Galderma announced that the new label for SCULPTRA® (injectable poly-L-lactic acid (PLLA)), the first and only FDA-approved PLLA facial injectable treatment that helps stimulate the skin’s own collagen production, to smooth facial wrinkles, such as smile lines.1,2 The new label approved by the U.S. Food and Drug Administration (FDA) includes higher dilution, the addition of immediate use reconstitution, new injection techniques and the optional addition of lidocaine. These changes provide aesthetic injectors with even more options to administer SCULPTRA safely and effectively.
“I’ve been using SCULPTRA with my patients for over 10 years and it is my go-to product for collagen stimulation, with natural-looking, long-lasting results that address a number of underlying aging concerns, such as facial wrinkles and volume loss,” said Dr. Melanie Palm, MD. “Aesthetic injectors will find that the higher reconstitution volume with optional lidocaine can help increase patient comfort, and the immediate use protocol provides greater convenience.”
SCULPTRA delivers gradual, natural-looking results over an average of 3 treatments spaced at least 3 weeks apart.1-3 In a clinical study, 100% of patients still showed improvement in the appearance of wrinkles up to 2 years after last treatment according to investigator evaluation.1*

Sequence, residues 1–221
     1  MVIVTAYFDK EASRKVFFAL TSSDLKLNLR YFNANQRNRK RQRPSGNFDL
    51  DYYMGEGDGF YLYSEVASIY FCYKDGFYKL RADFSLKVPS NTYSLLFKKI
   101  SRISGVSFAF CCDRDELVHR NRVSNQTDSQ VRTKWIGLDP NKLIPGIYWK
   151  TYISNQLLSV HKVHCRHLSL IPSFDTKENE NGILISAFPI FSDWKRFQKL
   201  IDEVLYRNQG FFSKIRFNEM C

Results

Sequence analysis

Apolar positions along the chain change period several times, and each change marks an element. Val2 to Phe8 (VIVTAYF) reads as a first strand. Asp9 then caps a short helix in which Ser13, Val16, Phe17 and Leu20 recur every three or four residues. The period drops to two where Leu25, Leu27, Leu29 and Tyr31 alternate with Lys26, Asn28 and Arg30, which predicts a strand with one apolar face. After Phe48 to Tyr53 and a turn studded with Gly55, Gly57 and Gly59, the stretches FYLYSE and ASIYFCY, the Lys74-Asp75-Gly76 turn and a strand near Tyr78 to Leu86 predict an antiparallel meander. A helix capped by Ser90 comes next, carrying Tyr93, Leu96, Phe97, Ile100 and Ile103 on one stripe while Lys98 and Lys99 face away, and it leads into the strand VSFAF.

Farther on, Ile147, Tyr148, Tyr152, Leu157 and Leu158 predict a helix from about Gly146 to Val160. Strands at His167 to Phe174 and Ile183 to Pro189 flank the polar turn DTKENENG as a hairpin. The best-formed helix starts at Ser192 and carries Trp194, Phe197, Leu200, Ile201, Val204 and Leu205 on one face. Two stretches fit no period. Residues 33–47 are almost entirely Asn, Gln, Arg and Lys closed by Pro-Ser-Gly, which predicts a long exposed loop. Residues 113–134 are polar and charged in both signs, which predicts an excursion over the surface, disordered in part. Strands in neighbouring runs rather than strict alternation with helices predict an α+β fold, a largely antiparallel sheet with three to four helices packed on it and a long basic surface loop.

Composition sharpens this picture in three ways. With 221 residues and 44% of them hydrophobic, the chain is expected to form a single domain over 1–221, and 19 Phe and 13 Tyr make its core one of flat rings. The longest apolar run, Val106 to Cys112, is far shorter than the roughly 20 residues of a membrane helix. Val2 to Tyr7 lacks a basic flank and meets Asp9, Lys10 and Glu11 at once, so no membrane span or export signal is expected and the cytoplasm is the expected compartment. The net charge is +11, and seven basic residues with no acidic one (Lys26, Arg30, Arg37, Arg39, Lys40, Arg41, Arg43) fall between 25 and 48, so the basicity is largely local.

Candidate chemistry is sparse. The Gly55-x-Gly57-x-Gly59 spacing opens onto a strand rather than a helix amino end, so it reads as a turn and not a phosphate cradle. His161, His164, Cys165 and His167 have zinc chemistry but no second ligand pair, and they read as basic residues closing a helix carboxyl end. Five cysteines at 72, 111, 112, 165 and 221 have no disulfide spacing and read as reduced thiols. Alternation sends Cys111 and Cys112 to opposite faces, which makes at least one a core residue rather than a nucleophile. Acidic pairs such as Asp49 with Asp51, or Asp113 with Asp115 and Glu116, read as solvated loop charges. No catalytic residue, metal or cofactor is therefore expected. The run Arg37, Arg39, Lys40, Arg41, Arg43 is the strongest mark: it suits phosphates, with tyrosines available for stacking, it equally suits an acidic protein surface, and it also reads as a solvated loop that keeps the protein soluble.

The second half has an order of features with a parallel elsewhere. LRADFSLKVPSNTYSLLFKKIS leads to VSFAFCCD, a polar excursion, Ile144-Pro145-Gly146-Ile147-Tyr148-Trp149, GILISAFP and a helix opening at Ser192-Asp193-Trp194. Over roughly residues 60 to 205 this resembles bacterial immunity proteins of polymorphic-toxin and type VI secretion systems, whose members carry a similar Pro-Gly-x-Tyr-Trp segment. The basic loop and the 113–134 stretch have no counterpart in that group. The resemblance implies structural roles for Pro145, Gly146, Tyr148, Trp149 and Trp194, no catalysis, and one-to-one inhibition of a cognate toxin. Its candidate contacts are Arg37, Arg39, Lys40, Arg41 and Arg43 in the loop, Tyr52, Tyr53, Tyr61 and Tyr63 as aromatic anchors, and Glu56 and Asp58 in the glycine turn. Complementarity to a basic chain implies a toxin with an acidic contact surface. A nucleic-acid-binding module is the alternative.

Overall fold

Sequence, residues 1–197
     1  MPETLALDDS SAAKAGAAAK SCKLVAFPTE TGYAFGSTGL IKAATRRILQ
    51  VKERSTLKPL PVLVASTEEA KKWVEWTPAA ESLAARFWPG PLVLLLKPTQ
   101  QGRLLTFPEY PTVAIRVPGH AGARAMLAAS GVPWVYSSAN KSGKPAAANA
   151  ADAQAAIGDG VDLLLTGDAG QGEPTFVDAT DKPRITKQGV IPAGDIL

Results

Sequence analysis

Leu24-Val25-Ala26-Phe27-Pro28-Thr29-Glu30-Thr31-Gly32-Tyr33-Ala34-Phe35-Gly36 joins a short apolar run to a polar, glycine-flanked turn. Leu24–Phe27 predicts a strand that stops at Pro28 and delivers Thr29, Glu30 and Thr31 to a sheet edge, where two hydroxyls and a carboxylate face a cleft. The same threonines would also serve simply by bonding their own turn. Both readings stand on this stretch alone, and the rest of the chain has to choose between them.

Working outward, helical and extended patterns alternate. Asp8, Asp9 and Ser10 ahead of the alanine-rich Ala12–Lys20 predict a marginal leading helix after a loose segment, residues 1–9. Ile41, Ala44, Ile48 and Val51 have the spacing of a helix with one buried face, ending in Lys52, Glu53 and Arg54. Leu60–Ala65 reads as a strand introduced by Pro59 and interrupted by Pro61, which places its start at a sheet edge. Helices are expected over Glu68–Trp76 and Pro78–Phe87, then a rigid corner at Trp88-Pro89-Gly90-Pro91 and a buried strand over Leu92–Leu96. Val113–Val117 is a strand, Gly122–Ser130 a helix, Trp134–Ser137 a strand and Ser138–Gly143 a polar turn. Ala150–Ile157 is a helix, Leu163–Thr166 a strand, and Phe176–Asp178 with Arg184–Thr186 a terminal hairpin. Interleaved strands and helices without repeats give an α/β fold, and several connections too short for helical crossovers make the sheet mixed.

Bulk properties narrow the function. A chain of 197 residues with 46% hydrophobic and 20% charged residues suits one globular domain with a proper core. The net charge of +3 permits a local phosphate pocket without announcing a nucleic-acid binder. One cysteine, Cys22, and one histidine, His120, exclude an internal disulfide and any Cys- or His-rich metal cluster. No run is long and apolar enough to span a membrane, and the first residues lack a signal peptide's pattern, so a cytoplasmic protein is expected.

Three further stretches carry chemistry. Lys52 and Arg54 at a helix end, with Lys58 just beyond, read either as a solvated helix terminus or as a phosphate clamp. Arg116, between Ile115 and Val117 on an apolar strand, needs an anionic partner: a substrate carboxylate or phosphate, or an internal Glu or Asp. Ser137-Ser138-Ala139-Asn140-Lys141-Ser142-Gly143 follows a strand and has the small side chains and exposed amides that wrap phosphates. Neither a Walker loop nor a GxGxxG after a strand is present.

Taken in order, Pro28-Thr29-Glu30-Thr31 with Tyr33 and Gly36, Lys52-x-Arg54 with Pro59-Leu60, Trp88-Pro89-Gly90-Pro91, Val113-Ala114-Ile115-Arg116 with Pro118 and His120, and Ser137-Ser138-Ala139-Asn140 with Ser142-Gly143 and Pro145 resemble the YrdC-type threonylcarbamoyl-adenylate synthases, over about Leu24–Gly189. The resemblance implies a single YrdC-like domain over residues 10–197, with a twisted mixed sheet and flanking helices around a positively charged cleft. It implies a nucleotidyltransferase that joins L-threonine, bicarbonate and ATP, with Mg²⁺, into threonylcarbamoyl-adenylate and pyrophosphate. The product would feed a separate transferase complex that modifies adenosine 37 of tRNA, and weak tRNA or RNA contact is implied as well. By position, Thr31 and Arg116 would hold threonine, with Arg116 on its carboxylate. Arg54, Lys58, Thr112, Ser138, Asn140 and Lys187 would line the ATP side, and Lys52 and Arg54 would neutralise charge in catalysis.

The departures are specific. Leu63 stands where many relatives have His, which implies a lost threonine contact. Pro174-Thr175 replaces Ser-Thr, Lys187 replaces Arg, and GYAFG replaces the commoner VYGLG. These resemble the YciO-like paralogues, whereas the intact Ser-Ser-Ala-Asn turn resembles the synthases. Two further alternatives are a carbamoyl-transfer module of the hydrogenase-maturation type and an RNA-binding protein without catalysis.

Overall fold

The new label approval is based on new data from physiochemical studies,4 as well as results from a randomized, evaluator-blinded, parallel-group, multi-center study6 evaluating the safety and effectiveness of two different dilutions of SCULPTRA. This study demonstrated that treatment immediately following reconstitution with a higher reconstitution volume (9 mL including lidocaine) was well tolerated, caused less pain and was comparable to that of the reference group (SCULPTRA5 mL) in reducing wrinkle severity of nasolabial folds (NLF) at Week 48 (n=80) as observed by both Investigator and Blinded Evaluators.1
“Galderma is committed to driving innovation in aesthetics, and the new label for SCULPTRA is just one example of how we continue to invest in our portfolio to ensure our healthcare partners have the products they need. SCULPTRA is an important part of Galderma’s collection of aesthetic treatments in the U.S., and this new label will allow us to improve the overall injector and patient experience,” said Diane Gomez-Thinnes, Head of Galderma U.S. “Interest in biostimulators is growing, and we are committed to continuing our legacy of training and education, focused on safety and outcomes as a part of our overall commitment to the aesthetic industry.”
Through the Galderma Aesthetic Injector Network (GAIN) training and education platform, aesthetic partners will learn about the new label, train on injection technique, and share best practices for incorporating SCULPTRA into their aesthetic offering.
SCULPTRAworks to help stimulate the skin’s own collagen production and is indicated for use in people with healthy immune systems for the correction of shallow to deep nasolabial fold contour deficiencies and other facial wrinkles.1,5